In Worldyards, we have divided the world's merchant fleet by 21 segments such as bulker, tanker and container. Each segment is further broken down into sub-segments according to their capacity, their utility or unique features. Worldyards has tried to follow market naming convention to the extent possible, and we have consulted many experts in the shipping industry to arrive at the current set of definitions.
Normally tanker is treated as one segment, then it is divided further into "crude", product and others, then there are "sub sub" segments such as VLCCs under Crude.Worldyards has found that programming-wise it is very difficult to have 3 tiers in the logical tree, so we have to resort to breaking tanker into tanker I (crude), tanker II (product) etc. Having this two tier system make it possible for Worldyards to produce live sub-segment statistics.
Worldyard definition is not logically contineous - there are unfilled gaps in conceptual space, because in reality, no ships exist in that space. By way of example, we may call a ship > 100 <= 105 in loa (in MT) as one sub-segment, the next sub-segment could well be >=115 and < 200 - because there are simply no ships existing >105 and <115.
As a concrete example, there are no bulk carriers between 85,000 and 104,999mt <= 32,31 m with loa < 200m. So there is no provisions for ships thus defined.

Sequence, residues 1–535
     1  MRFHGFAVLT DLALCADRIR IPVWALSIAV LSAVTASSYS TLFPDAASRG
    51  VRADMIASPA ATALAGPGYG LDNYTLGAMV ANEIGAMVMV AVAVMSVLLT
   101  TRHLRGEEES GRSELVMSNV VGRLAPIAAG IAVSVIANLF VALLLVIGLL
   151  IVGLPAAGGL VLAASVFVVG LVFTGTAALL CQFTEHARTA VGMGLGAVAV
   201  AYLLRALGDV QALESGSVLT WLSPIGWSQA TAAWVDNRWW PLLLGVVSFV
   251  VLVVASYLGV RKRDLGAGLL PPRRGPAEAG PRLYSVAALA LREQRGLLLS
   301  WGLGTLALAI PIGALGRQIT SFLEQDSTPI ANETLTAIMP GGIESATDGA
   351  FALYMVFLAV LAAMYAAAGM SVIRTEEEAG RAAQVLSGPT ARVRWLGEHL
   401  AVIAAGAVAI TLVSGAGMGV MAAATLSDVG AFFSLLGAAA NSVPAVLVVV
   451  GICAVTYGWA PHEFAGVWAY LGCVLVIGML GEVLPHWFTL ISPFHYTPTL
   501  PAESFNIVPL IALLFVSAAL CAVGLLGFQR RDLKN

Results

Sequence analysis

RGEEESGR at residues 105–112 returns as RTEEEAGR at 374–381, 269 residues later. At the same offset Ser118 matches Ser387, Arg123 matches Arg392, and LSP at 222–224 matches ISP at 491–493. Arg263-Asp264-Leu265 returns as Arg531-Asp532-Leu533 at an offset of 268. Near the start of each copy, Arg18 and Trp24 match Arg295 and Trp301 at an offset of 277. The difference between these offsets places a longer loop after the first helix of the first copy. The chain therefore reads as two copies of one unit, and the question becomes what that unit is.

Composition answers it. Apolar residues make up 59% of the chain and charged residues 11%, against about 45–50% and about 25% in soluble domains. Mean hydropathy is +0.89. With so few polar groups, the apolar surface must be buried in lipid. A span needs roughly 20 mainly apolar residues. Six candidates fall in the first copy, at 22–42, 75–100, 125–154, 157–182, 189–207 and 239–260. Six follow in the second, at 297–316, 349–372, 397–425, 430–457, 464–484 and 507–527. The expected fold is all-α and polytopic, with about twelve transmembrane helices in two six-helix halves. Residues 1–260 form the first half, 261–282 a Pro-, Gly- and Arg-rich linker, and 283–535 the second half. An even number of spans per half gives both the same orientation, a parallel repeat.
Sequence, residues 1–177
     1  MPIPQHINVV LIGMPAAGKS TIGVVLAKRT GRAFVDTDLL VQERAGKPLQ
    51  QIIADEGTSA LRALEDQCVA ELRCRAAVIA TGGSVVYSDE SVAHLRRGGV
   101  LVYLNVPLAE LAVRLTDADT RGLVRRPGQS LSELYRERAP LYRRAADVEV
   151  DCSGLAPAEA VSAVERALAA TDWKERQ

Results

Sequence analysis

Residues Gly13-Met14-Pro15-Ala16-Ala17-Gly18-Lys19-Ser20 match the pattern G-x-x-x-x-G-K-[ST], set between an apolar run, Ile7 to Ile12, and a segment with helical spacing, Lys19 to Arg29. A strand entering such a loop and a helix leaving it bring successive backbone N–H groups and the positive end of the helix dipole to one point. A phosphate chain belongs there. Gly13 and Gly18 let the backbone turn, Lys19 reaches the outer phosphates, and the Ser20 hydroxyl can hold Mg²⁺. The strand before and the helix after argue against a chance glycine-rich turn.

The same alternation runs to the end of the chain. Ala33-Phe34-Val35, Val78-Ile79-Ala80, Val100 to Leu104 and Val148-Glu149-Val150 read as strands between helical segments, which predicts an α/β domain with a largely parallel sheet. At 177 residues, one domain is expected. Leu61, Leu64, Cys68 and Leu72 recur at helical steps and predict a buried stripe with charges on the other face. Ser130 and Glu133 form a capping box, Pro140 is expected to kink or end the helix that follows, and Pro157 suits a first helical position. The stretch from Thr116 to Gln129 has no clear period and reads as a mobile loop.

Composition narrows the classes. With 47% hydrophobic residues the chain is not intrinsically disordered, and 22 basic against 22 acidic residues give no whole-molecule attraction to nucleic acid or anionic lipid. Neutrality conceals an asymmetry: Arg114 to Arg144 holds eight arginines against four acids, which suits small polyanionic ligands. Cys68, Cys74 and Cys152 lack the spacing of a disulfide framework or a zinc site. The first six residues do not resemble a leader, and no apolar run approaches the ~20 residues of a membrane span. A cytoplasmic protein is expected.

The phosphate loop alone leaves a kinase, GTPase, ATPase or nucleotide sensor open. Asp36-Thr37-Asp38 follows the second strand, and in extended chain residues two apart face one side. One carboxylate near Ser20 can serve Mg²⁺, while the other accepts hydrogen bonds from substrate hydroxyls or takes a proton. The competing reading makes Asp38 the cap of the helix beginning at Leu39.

We "invented" in order to find a home for all the vessels - both existing ships and orders. For instance, we added a subsegment called "post panamax tanker uncoated" - 64,999-85,000 with post-panamax beam (there are 29 ships such ships in the database). The simple reason for this is that it is too far fetch to call these ships "aframax" and we don't know where else to put them.
Suggestions from experts is also behind our decision to increase VLCC limit to 325,000 dwt.
We have assigned factor values according to the latest OECD CGT formula to all sub-segments except offshore, which form the basis of our shipbuilding capacity calculations.
It has really been an evolving process and we welcome input from all shipping practitioners to make the definitions as well as the CGT factors more logical, scientific sound and practical.
Just looking at the capacity figures in our definitions, at first glance, it may appear that some sub-segments are overlapping for bulkers, containerships and tankers. However, please note that we have also considered the "beam" and/or “loa” in our definition. For example, if you look at post-panamax vs panamax bulkers - the dwt limits are overlapping but aside from dwt, post-panamax bulker has beam greater than 32.31m whilst panamax has beam equal or less than 32.31m.